Women battling infertility may soon achieve their baby dreams with a less expensive, less invasive and less drug-reliant alternative to in-vitro fertilisation.
An Australian team including University of New South Wales Oocyte Biology Research Unit head Robert Gilchrist is working to improve the success rate of a treatment called in-vitro maturation (IVM), which aims to mature eggs in the laboratory to the same stage as those usually harvested for IVF.
This eliminates potentially two weeks of hormone injections women endure during a full stimulated IVF cycle and cuts the month-long treatment process down to just days.
“This technique has been around actually for as long as IVF but the reason why it is not currently widely used is because the success rates are lower than IVF,” Mr Gilchrest told the Huffington Post.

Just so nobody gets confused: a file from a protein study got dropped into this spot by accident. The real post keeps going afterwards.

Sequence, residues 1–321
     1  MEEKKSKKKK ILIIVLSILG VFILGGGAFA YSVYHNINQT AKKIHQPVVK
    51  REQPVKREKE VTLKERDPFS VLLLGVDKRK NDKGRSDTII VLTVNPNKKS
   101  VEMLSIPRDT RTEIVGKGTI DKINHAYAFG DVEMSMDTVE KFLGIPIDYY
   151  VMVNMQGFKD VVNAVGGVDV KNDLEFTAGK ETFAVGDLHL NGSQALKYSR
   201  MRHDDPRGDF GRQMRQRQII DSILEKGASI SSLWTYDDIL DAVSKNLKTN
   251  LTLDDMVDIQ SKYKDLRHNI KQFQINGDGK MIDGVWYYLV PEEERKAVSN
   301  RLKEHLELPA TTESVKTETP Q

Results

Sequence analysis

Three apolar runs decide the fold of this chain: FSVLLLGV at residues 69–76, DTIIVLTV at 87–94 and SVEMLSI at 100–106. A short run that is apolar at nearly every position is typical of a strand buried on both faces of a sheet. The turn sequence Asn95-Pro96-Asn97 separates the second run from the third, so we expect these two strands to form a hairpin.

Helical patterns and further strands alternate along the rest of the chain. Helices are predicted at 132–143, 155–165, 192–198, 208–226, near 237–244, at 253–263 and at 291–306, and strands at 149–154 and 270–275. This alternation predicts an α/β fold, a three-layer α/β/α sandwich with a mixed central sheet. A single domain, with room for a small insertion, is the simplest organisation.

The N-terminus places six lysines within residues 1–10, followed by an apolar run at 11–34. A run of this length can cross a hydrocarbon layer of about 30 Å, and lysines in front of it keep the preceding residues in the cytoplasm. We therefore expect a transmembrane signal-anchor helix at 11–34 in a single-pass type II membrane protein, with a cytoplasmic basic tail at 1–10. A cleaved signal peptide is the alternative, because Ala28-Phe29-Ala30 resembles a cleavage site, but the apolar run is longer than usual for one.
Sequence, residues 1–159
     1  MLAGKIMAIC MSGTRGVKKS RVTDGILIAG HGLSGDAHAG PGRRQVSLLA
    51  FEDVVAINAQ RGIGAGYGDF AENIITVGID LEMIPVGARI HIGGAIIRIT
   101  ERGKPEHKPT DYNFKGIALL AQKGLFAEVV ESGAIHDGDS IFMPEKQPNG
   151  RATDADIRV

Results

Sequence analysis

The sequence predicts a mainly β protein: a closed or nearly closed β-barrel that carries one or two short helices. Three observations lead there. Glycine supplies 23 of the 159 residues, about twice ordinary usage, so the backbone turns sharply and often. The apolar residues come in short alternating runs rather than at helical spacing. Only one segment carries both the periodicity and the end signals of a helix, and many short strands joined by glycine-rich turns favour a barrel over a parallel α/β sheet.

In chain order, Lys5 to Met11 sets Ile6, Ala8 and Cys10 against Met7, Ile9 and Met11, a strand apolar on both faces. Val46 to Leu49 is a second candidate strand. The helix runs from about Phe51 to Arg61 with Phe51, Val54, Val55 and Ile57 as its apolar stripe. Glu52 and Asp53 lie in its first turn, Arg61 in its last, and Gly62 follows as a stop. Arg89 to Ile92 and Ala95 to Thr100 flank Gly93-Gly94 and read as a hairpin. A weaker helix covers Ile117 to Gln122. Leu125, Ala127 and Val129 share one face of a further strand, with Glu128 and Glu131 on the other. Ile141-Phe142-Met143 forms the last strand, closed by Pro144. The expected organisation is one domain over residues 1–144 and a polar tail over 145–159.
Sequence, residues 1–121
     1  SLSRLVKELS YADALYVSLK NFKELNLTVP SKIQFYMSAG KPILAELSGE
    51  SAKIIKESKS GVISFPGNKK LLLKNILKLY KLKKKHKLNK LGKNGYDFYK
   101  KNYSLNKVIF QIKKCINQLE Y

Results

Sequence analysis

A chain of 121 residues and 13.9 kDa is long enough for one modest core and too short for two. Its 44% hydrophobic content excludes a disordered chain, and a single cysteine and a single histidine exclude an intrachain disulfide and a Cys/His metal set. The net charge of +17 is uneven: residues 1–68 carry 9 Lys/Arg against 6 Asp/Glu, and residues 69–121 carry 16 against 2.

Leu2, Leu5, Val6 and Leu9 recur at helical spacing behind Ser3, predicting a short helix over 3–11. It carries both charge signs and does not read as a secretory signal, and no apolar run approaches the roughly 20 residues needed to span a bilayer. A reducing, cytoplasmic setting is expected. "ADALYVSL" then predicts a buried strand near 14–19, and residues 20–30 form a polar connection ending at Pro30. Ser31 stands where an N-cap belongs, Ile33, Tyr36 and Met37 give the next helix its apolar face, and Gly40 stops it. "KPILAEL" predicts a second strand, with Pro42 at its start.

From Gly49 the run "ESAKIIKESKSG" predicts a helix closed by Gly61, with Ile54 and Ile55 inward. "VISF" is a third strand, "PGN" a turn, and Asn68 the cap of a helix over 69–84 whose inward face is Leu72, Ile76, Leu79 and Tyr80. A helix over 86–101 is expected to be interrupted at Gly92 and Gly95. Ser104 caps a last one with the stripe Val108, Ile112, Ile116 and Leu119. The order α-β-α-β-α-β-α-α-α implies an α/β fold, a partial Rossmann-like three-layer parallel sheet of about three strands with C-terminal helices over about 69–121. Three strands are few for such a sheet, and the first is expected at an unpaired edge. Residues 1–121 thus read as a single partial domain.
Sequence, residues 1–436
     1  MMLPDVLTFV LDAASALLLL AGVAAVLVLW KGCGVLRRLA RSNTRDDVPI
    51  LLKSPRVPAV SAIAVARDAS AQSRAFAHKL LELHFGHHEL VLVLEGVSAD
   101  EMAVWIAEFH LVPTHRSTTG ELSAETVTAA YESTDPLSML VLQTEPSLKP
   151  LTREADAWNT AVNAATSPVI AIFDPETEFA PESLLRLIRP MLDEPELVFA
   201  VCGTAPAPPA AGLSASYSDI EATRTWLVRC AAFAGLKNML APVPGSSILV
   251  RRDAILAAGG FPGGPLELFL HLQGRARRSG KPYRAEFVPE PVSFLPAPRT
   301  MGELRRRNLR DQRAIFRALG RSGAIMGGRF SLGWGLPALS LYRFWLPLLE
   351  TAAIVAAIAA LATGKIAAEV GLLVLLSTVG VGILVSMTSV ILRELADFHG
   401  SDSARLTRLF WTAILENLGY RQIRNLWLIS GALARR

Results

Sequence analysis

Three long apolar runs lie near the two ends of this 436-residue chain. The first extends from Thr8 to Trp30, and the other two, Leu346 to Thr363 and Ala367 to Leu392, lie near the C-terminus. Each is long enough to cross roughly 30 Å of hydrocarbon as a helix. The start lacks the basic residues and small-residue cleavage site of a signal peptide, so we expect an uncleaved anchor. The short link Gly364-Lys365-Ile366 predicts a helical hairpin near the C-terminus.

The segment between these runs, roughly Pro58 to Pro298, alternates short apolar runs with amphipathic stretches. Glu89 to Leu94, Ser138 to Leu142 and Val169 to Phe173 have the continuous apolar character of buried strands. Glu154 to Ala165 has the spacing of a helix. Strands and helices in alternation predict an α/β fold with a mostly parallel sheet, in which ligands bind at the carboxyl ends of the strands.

“What our research project is aiming to do is bridge that gap. It looks like a very small gap but patients, doctors and clinics are all exquisitely sensitive to success rates.”
Women now have about a third less chance of falling pregnant with IVM compared to IVF, but the collaboration between the University of NSW, the University of Adelaide and a Belgian university hospital is changing that, with human pre-clinical trials successfully doubling the amount of embryos produced in an IVM cycle.
The use of two new molecules – cumulin and cAMP – to help mature eggs in the laboratory have led to the breakthrough that, once approved by US Food and Drug Administration and proven safe, could be available in Australia by 2020.
Improvements to this line of treatment also offer new hope to cancer patients, women with polycystic ovaries and others who find IVF difficult.